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Protecting America in the New Missile Age


James Carafano: START Limits Comprehensive Missile Defense

In a web memo published last month at Heritage, James Carafano responded to Vice President Joe Biden’s Wall Street Journal article in which he asserts that our current missile defense plans are more than adequate. Our missile defense should be comprehensive, and Carafano said START would limit our ability to do that. An excerpt:

From Defending the West to Modest Protection for Europe

“Upon entering office, President Obama slashed the number of land-based interceptors planned to protect the U.S. homeland from North Korean and Iranian ballistic missiles by 44 percent. The cuts included scrapping the ‘third site’ ballistic missile defense plan to defend the United States and U.S. allies against the threat of long- and medium-range ballistic missiles from Iran. These installations were to be completed by 2013. In its stead the White House elected to focus on more limited regional missile defense.

“In conjunction with a plan approved by NATO at the recent Lisbon summit, Obama has sketched out what the Administration hopes will lead to the development of the Active Layered Theater Ballistic Missile Defense system, the Medium Extended Air Defense System (a U.S., German, and Italian joint program), and the U.S. Phased Adaptive Approach for missile defense in Europe.

“Obama dubbed his ‘new’ plan for Europe the Phased Adaptive Approach. The four-phase program is intended to be the cornerstone of NATO’s ballistic missile defense initiative. Under Phase I (which the White House hopes to begin in 2011), U.S. Aegis ships with SM-3 interceptors will deploy to the Mediterranean with sea- and forward-based sensors stationed in southern Europe. In Phases II (2015), III (2018), and IV (2020) more interceptors will be deployed, both on Aegis ships and ground platforms.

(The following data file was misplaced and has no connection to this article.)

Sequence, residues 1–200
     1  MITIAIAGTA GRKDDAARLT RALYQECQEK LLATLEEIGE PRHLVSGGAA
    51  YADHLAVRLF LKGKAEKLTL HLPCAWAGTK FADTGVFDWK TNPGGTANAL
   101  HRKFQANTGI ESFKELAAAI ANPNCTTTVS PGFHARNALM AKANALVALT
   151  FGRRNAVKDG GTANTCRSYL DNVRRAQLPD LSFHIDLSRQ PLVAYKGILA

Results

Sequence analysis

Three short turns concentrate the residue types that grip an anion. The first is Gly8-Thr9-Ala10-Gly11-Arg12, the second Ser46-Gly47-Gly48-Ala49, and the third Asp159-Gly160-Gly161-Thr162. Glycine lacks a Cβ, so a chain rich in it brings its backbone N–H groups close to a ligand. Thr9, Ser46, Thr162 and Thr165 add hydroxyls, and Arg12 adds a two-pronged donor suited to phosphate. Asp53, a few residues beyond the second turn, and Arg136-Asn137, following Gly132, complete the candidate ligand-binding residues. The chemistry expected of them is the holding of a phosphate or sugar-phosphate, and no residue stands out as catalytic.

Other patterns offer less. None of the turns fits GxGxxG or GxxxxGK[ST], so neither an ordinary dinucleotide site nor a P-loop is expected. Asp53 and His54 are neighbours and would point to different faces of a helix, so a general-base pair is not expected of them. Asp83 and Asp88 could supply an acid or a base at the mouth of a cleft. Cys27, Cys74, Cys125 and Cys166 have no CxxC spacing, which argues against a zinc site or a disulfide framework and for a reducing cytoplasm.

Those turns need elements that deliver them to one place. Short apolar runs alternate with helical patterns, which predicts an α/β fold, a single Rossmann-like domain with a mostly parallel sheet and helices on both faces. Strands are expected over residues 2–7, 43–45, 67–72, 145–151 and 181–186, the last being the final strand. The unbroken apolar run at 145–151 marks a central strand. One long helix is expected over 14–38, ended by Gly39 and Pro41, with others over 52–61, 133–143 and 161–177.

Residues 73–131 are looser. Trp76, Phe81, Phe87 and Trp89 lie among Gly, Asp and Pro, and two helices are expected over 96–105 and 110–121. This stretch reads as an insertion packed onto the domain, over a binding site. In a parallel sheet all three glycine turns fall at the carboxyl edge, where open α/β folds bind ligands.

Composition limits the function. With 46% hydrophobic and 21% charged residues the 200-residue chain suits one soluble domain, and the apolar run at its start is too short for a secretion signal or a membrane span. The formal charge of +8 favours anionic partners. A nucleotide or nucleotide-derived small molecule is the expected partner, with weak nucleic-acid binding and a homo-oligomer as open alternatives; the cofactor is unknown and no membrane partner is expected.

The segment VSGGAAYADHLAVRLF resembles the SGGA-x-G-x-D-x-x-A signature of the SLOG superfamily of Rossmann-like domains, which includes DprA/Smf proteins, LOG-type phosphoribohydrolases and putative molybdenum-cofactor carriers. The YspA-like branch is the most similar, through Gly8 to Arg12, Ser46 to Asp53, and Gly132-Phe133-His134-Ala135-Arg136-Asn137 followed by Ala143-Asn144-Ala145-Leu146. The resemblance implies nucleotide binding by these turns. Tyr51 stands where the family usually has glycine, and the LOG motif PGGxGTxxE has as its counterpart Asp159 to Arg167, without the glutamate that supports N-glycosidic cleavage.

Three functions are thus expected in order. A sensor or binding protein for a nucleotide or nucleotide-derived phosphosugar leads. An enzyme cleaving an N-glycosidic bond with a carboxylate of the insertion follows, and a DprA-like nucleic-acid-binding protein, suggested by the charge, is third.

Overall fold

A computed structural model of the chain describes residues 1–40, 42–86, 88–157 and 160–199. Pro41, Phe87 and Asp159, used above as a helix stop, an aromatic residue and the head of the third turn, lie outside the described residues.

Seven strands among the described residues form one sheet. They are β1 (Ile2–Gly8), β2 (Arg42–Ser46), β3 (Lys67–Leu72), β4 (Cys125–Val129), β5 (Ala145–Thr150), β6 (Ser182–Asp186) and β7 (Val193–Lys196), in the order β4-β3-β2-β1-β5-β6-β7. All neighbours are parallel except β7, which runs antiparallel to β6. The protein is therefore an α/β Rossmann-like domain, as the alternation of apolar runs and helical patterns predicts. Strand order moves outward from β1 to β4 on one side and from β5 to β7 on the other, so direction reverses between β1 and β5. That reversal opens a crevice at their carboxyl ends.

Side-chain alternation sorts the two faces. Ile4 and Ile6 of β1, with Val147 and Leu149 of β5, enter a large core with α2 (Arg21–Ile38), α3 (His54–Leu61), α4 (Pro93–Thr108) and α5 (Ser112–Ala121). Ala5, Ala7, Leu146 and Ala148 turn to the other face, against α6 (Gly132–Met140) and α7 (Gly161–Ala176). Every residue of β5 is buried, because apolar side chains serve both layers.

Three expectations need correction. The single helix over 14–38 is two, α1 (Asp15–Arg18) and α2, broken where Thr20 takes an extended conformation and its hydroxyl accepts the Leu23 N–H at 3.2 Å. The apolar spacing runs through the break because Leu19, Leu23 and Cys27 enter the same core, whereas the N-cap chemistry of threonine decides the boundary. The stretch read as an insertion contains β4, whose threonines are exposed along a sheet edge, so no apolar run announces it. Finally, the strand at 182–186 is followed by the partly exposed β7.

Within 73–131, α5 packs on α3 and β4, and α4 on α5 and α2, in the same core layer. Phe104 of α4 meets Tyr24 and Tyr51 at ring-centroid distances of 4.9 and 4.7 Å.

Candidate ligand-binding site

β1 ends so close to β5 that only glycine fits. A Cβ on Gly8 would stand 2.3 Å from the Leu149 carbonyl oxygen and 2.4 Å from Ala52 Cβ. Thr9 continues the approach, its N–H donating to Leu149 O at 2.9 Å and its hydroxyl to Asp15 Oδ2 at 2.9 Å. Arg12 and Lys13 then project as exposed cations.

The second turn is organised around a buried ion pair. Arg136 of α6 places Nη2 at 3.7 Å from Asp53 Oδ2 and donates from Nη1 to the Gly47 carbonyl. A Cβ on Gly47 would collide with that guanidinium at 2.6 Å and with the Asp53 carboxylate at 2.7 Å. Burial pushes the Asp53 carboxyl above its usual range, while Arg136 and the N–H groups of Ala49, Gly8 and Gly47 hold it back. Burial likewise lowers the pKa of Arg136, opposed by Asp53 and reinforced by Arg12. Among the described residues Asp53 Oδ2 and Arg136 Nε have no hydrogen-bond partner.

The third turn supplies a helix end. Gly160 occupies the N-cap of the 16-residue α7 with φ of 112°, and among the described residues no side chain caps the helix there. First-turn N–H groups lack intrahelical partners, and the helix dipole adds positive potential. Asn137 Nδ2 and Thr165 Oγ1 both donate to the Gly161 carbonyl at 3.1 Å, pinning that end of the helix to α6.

“In his effort to cheerlead for New START, Vice President Biden neglected to mention the limitations of this approach. Even if the Obama plan is implemented on schedule and at cost (questionable assumptions), parts of Europe will remain vulnerable to long-range Iranian threats until 2020. The program also makes no specific, sustained investment to exploit the full range of sea-based and SM-3 technology. Furthermore, land-based SM-3 is a dramatically different capability from the current sea-based SM-3. It has yet to be flown. The Missile Defense Agency is already two years behind the deployment plans.”

Read the full web memo at Heritage.

At The Foundry, Owen Graham presents an alternative to START.

“The administration acts as if the choice is between New START or nothing,” Graham writes. “This assumption is fallacious. Some of the treaty’s supporters maintain that criticism of New START stems from partisanship alone and that critics are simply opposed to arms control. Such assumptions are also wrong. The problems with New START are substantive.”

An alternative path to START begins from a position of strength. For example, a START alternative would not be tied to nuclear disarmament. Our response to a rogue state developing a nuclear weapon shouldn’t be nuclear disarmament, considering the treaty “imposes no constraints on these countries.” Read Graham’s full post at The Foundry.

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